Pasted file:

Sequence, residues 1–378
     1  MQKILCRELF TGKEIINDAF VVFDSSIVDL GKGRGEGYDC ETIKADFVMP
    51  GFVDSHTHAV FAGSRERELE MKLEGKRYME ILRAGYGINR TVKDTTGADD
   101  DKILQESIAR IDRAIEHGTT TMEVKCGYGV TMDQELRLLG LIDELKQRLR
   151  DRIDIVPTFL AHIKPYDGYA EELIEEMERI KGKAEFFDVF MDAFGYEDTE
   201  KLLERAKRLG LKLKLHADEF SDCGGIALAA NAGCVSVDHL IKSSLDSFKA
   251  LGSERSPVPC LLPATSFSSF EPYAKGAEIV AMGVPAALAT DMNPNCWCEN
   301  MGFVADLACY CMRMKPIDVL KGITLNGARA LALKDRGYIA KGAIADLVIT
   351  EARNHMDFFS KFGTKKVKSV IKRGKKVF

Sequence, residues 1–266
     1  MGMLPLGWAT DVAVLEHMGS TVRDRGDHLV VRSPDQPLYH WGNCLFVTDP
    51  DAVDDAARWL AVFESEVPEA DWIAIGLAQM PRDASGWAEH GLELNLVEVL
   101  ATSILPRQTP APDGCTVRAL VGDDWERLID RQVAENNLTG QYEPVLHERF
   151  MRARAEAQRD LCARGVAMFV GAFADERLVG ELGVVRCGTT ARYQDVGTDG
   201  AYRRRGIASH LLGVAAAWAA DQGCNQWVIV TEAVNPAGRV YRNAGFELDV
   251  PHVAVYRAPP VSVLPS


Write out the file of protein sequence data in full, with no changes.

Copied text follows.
Sequence, residues 1–378
     1  MQKILCRELF TGKEIINDAF VVFDSSIVDL GKGRGEGYDC ETIKADFVMP
    51  GFVDSHTHAV FAGSRERELE MKLEGKRYME ILRAGYGINR TVKDTTGADD
   101  DKILQESIAR IDRAIEHGTT TMEVKCGYGV TMDQELRLLG LIDELKQRLR
   151  DRIDIVPTFL AHIKPYDGYA EELIEEMERI KGKAEFFDVF MDAFGYEDTE
   201  KLLERAKRLG LKLKLHADEF SDCGGIALAA NAGCVSVDHL IKSSLDSFKA
   251  LGSERSPVPC LLPATSFSSF EPYAKGAEIV AMGVPAALAT DMNPNCWCEN
   301  MGFVADLACY CMRMKPIDVL KGITLNGARA LALKDRGYIA KGAIADLVIT
   351  EARNHMDFFS KFGTKKVKSV IKRGKKVF

Sequence, residues 1–266
     1  MGMLPLGWAT DVAVLEHMGS TVRDRGDHLV VRSPDQPLYH WGNCLFVTDP
    51  DAVDDAARWL AVFESEVPEA DWIAIGLAQM PRDASGWAEH GLELNLVEVL
   101  ATSILPRQTP APDGCTVRAL VGDDWERLID RQVAENNLTG QYEPVLHERF
   151  MRARAEAQRD LCARGVAMFV GAFADERLVG ELGVVRCGTT ARYQDVGTDG
   201  AYRRRGIASH LLGVAAAWAA DQGCNQWVIV TEAVNPAGRV YRNAGFELDV
   251  PHVAVYRAPP VSVLPS